Social Loafing Vs. Social Facilitation: Recognizing Individual Behaviors In Group Settings

Social Loafing Vs. Social Facilitation
Jacob Lund/
Summary: Explore the dynamics of social loafing and social facilitation in group behaviors. Understand the factors influencing individual performance and discover strategies to mitigate social loafing while harnessing the power of social facilitation for improved group outcomes.

Addressing Social Loafing And Social Facilitation In Group Work

Social loafing is a phenomenon in which an individual puts in less effort when working collectively as a part of a group/team. Here, some of the group members slack off at their work, assuming their contribution will not make much difference in achieving the goal and that others will compensate for their low performance. In group activities, individual efforts blend into the team’s collective outcome, which makes it difficult to identify how much contribution was made by each team member.

The Concept Of Social Loafing

The concept of social loafing was introduced by the French agricultural engineer Max Ringelmann in 1913 using the rope-pulling experiment. In this experiment, he asked people to pull the rope individually at first and then measured the pulling force. Later, he added more people to pull the rope in unison and measured the pulling force again. He noticed that as more people were added to pull the rope, the total pulling force increased; however, the pulling force of individual persons declined significantly.

In other words, when people were asked to pull the rope individually, they exerted more effort. But, when they were asked to pull it in a group, people contributed comparatively less individual effort than they were capable of. This tendency leads to lower productivity and poor performance.

How Social Loafing Affects Productivity And Performance In Group Work

The question arises why the productivity in the group activity decreases and why people do not pull their weight when working as a part of the group. Here are the most probable answers:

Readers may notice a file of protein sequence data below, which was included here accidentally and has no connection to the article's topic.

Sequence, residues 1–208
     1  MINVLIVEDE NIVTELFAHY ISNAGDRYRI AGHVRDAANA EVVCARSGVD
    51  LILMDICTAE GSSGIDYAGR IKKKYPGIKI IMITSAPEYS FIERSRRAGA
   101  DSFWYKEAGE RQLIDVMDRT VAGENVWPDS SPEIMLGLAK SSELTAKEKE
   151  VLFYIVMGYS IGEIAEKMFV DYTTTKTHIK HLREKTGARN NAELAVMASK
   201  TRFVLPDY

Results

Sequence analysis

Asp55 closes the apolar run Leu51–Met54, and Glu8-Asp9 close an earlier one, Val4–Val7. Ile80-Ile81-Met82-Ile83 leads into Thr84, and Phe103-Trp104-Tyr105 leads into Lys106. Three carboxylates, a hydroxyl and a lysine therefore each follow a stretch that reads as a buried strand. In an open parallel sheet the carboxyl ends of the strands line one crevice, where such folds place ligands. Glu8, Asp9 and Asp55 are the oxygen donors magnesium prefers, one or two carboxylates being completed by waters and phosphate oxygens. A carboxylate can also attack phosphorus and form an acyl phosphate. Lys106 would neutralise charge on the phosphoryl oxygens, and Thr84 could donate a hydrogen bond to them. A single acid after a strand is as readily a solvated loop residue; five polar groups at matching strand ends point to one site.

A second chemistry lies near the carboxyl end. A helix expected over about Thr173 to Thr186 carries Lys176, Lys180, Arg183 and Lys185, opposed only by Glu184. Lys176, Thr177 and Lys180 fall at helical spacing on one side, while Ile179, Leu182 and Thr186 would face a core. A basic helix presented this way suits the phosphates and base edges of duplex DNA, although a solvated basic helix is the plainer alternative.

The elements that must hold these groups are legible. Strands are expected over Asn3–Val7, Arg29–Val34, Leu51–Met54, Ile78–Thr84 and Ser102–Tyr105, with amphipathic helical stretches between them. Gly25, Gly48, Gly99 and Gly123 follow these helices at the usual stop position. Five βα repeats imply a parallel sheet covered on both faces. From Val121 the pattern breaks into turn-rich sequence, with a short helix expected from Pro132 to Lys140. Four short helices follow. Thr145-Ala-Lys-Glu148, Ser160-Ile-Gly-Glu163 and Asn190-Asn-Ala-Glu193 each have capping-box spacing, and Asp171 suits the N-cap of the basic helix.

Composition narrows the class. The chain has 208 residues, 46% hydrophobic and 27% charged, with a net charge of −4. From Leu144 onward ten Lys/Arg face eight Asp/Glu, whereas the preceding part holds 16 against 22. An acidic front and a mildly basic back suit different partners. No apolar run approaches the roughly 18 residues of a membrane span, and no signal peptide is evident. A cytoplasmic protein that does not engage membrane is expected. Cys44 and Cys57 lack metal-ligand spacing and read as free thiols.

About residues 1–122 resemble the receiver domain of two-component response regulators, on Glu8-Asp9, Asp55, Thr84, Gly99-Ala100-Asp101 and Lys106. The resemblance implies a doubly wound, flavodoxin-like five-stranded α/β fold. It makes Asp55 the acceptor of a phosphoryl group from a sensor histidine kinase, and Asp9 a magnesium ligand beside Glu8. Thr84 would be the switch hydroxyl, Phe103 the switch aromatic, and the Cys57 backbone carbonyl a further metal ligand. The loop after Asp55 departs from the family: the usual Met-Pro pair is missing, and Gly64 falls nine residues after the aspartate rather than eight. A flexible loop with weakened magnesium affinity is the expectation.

• People, when working as a part of a group, think that their small contribution will not make much difference in achieving the goal. Especially if they are working with a team of highly skilled people, they assume others will pick up the slack.
  • The diffusion of responsibilities in a group is another reason behind the sluggishness of group members—a team takes collective responsibility for any specific task, instead of each team member being accountable for their fair share of work. The absence of individual responsibility makes some people reluctant to work, making them dependent on others to compensate for their low outcomes.
  • In a group activity, individual efforts blend into a team effort. Thus, a person working dedicatedly does not get any special credit for their hard work, whereas people who are pretending to work and not contributing anything also enjoy the same group credit.

What Is Social Facilitation?

Social facilitation is a psychological concept in which the presence of others has a positive impact on a person performing any task. This phenomenon was first proposed by American psychologist Norman Triplett in 1898. He collected bicycle racing records from a cycling association and studied the patterns. He noticed that cyclists who were racing against other competitors performed better than those cyclists who were rehearsing and trying to beat their own time using the stopwatch. Therefore, he concluded that a person’s individual performance drastically improves in the presence of others, provided that they are familiar with the task.